The DougBlog
"Et sans savoir pourquoi, disent toujours: Allons!" —Baudelaire

Tuesday, July 12, 2011

Doug & Karen's Kiwi Adventure Part 6: Fjords, Queenstown, Christchurch...and home

Finally, nearly 8 months after I returned to the Northern Hemisphere, I am pleased to present the final installment of our trip to New Zealand: Milford Sound, Queenstown, and Christchurch.

Fiordland National Park is one of the many parks along New Zealand’s wild western shore—this one near the southern tip and named for the steep glacial inlets that line the coast. They’re not easy to get to; indeed, some cannot be reached by land. The most famous fjord is Milford Sound, reached by a magnificent, winding 2-hour drive from the sleepy hamlet of Te Anau. One of the sites along the way are the Mirror Lakes.

Whimsical sign:

It was a rainy day (which is more typical than not in these parts) and along the way, the very mountains seemed to seep water. There were waterfalls everywhere: a small taste of what lay ahead.

And we had to remain cautious of the car-eating Kea!

But finally we reached Milford Sound and boarded a boat (the only way to see it). Soon we were headed out into the misty, watery canyons.

Karen on board, fighting the elements:

I, on the other hand, was a little more ill prepared for the weather:

It was a rough but beautiful voyage to the mouth of the fjord and back. And wet. Countless waterfalls, large and small, lined every nook and cranny. Indeed it seemed as in the rocks themselves were bleeding water.

Despite the rough surf, wet air, and cool temperatures, some hardy creatures make their homes along the edge. We passed a colony of seals...

And a gaggle (?) of penguins (a little harder to spot, they’re in the center—as with all photos you can click to enlarge if you need to).

The seas tossed our little boat like so much flotsam and jetsam. Here’s a video Karen trying to maintain her balance, some seals, and our unexpected journey through a waterfall (click to play):

It was rough, but in case of trouble, Karen was ready to muster.

The magical journey continues....

That night, back in Te Anau, the weather cleared—affording a spectacular view of the Southern Hemisphere’s stars (Orion is still visible down under, but he’s upside-down):

The next day Karen was departing for her own Australian adventure. So I drove her back to the airport in Queenstown and bade her a fond adieu:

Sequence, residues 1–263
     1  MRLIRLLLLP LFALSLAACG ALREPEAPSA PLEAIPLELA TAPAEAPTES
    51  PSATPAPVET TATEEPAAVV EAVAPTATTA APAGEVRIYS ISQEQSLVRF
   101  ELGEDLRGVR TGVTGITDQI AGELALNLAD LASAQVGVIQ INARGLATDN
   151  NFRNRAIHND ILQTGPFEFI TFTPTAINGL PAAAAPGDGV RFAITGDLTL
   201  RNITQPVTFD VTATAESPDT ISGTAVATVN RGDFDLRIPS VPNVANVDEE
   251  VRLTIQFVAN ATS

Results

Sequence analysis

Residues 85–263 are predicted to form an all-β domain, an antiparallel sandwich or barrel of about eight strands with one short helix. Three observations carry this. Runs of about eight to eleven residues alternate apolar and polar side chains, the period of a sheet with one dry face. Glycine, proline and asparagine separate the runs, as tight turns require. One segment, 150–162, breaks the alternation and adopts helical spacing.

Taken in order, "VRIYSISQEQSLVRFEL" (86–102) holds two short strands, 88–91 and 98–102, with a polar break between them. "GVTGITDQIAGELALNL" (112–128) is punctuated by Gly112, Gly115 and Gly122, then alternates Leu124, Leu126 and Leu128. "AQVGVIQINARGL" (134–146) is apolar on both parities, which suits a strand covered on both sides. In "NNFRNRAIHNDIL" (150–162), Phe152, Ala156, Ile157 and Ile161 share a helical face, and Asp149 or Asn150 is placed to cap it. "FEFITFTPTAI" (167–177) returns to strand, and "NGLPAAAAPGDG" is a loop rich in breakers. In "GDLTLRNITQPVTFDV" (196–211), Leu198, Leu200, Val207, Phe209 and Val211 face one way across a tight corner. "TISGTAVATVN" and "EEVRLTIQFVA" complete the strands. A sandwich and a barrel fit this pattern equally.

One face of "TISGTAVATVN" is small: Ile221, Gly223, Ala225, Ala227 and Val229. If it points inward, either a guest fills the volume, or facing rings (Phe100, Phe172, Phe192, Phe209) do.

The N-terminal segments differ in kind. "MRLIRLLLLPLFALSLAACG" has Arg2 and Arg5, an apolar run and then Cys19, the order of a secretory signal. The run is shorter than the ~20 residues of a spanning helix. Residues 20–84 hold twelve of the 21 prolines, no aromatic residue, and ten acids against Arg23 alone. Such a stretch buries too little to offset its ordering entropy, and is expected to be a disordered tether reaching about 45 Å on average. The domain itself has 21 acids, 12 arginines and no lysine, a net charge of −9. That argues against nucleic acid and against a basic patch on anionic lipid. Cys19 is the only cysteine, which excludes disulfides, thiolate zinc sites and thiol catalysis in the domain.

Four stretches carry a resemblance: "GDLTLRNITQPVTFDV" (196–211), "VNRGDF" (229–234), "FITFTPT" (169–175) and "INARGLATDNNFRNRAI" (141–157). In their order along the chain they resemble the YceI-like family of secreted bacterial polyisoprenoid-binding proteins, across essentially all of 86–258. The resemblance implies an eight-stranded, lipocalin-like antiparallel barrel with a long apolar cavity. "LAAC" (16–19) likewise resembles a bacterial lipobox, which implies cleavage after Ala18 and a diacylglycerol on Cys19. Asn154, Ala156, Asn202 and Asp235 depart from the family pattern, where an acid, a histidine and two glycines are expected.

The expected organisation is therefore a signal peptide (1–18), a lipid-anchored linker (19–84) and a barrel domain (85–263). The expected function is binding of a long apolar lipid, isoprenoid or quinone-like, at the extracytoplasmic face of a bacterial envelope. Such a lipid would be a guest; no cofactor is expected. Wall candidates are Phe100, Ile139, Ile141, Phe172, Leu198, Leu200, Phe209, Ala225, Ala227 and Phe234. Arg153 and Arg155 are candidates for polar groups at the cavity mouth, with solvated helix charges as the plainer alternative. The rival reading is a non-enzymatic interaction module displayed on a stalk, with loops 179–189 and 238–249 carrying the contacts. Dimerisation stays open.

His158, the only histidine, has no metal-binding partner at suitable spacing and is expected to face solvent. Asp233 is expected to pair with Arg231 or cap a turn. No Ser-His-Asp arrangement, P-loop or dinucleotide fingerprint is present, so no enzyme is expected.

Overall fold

I stayed on in Queenstown: a modest-size town on a lake that’s known as the world capitol of adventure sports. Without Karen cramping my style, I checked into a swank hotel overlooking the lake:

I spent a day exploring the town. A cable car takes you to the top of a nearby mountain to enjoy a panoramic view of Queenstown:

At the top there was a wildlife center where you could see the country’s emblematic but enigmatic mascot, the Kiwi. These long-beaked birds are endangered and nocturnal. At this wildlife center they were kept inside a building where the controlled lighting, much like Las Vegas, turned day into nighttime and night into daytime.

At the top of the mountain was also a cemetery, and you know I love me some dead people, especially with a view.

The cemetery was large and even had a Jewish section...with all of two Jews in it! On the plus side, this meant that the Jewish graves were simply identified by their names rather than grave numbers:

And that was about all the fun that was to be had in Queenstown. Although I did throw a Lamington (New Zealand’s version of the Hostess Sno-Ball) off my balcony and watch this happy little bird GO TO TOWN:

Finally, I flew back to Christchurch, completing my south island circle and spending a day before my own flight home.

Christchurch is called “the garden city” because it has a lot of green spaces. It was nice. Not thrilling, but nice. My hotel room had a great view of the cathedral that gave the town its name.

The inside was lovely, too.

There was a little touch of traditional Maori art.

Sadly, the church was heavily damaged in the earthquake that struck Christchurch only a short time after my departure. They are still unsure whether any of the building can be salvaged at all.

And almost as tragic, this entertaining book-on-a-stick that I spied inside the church is probably lost forever, too:

Much of the remainder of the city was indeed garden-like.

This lovely clock was erected to celebrate Queen Victoria’s Diamond Jubilee.

This is the synagogue of the Hebrew Congregation of Christchurch. How humiliating for them.

And with that I began the long haul home via Auckland and Los Angeles...

New Zealand is an amazingly diverse country. One can’t help but feel some amount of sensory overload from the vast differences between the different destinations of this relatively small island nation that has only been inhabited by humans for a few hundred years. The people are friendly and outgoing, the sights unparalleled. All in all, an outstanding adventure.


This is a puzzling world:

Karen does a little shopping (GET IT? HAHAHAHA!!!!):

I guess if you’re only a half-hearted guest, you’re screwed:

I enjoyed the fact that this sign for a Maori poupou was covered in poopoo:

This is William Gilbert Rees—the founder of Queenstown—and what I can only assume was his “special friend”:

I would be remiss if I didn’t point out that despite its splendors, New Zealand is not all roses: there are hateful flies in the south that eat you alive!

You know, I think the backstory to this photograph is most entertaining left to your imagination:

As the Maori (of whom, I will remind you, I am now a chief) would say...Kia Ora!!


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